Richard Abele's review for The Wrap eloquently describes this movie's many faults that I saw but can't write about because I am recovering from surgery on a broken right wrist, and it would be dispiriting to enumerate them anyway. I'm afraid Abele is right that Sorkin is not a director. He can be an excellent writer, as he was in creating "The West Wing" and scripting The Social Network. From the sparkle of the latter you'd never know he could create the drabness of Being the Ricardos.
    Last edited by Chris Knipp; 12-16-2021 at 07:49 PM.

  10. #10
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    1. Memoria
    Apichatpong Weerasethakul, Colombia/Thailand/UK/France/Germany/Mexico/Qatar

    Of all the mysterious objects engineered by Apichatpong, Memoria may be the most enigmatic—and, through a masterstroke of sonic design, the most transfixing. Jessica (Tilda Swinton), an expat living in Colombia, finds herself afflicted by a curious aural hallucination, a blunt metallic womp suggesting the impact of a phantom orb against the surface of... her skull? The cosmos? The cinematic apparatus? What follows can only be described as Apichatpongian: mischievous narrative game-play; personages who phase-shift through multiple realities; bliss-inducing detours and divertissements (an extended musical jam session that Jessica wanders into ranks with the supreme pleasures of the director’s oeuvre); the patiently calibrated and marvelously confounding evanescence of time and space. The genius of Memoria resides in its auditory premise: even more than Jessica, the spectator is riveted by the intermittent, unpredictable detonation on our tympanic membrane. What does it all mean? No thoughts, just vibes—but riddle me this: if a memory falls in the mind, and no one is around to hear it, does it make a sound?—Nathan Lee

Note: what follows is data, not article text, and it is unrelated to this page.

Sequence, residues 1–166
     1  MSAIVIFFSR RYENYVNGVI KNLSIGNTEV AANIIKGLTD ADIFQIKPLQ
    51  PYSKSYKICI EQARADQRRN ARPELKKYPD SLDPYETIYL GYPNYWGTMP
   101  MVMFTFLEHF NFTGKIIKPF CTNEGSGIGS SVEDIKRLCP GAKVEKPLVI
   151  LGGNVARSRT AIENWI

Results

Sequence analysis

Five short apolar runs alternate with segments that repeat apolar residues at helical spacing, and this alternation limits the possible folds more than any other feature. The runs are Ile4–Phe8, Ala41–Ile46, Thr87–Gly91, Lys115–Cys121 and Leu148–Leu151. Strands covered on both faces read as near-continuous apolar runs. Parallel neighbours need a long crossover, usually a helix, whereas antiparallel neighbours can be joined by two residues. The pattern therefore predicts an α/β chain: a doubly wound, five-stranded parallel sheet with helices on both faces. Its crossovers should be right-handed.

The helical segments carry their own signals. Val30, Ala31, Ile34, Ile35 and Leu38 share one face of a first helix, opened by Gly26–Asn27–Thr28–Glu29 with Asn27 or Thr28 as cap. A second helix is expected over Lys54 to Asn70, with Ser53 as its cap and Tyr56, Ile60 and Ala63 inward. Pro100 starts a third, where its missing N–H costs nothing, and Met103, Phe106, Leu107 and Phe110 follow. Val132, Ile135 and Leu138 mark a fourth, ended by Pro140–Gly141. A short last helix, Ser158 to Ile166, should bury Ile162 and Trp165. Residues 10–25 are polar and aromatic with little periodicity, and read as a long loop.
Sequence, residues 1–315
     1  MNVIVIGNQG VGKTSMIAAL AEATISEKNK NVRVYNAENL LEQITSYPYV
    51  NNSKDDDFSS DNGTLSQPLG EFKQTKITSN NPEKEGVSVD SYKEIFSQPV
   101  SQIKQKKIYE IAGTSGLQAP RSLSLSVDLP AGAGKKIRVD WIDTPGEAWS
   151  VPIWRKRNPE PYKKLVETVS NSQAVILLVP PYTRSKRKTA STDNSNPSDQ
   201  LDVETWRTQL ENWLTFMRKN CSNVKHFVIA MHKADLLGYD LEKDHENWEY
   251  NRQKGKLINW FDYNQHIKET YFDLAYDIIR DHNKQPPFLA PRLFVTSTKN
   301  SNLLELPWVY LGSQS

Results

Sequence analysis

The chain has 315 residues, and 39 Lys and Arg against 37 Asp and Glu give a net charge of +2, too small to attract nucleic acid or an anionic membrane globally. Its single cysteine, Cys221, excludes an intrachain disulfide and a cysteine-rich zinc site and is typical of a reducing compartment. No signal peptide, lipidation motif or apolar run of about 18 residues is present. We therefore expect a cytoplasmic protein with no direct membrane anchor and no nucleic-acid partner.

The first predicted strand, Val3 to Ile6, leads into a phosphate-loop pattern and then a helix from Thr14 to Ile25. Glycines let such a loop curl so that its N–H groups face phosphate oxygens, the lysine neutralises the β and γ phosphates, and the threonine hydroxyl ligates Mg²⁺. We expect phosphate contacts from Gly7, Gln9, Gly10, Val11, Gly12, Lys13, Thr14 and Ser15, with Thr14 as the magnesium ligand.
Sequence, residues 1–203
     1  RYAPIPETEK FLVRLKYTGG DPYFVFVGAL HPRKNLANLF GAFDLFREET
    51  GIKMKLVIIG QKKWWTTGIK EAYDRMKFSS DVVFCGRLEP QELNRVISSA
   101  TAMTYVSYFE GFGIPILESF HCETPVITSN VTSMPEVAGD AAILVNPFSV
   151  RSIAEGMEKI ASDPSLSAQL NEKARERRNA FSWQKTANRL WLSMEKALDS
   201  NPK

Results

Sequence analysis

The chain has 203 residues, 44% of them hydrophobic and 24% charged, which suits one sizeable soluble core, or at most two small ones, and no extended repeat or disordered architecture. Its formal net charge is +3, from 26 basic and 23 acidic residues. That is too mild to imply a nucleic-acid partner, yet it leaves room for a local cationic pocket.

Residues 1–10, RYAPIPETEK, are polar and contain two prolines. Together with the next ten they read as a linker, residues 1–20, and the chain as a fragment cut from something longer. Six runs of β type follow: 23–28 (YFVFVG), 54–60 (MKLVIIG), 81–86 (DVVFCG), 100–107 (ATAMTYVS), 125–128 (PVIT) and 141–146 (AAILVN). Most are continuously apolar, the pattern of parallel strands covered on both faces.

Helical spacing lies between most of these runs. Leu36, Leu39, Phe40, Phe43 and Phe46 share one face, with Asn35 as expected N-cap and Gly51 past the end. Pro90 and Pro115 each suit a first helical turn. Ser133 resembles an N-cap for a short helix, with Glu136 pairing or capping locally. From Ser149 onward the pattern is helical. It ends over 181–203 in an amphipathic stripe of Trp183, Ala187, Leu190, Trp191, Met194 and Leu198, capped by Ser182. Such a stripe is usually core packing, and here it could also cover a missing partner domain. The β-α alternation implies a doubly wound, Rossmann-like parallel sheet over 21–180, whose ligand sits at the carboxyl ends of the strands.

2. Drive My Car
    Ryűsuke Hamaguchi, Japan

    The vehicle at the whirring heart of Drive My Car bears a sly anomaly: the steering wheel is on the left, rather than the right, where it should be in Japan. Cars are already liminal spaces—to travel in one is to be both inside and outside, moving and still—and this aberration makes the red Saab 900 of the film, and the tale that winds around it, feel even more like a miracle of mechanics. Taking as chassis a thin Haruki Murakami story about a widowed actor who opens up to a young female chauffeur about the infidelities of his late wife, Ryűsuke Hamaguchi engineers an elaborate narrative contraption that holds control and contingency in equal poise: the film’s voluble dialogue and intricate moving parts draw their power from the mysteries—human, vehicular—that neither speech nor plot can explain. It’s a conceit brought out thrillingly in the film’s central set piece, a multilingual production of Uncle Vanya, in which language becomes a chasm rather than a bridge, refracting the experiences of the characters with nearly blinding clarity.—Devika Girish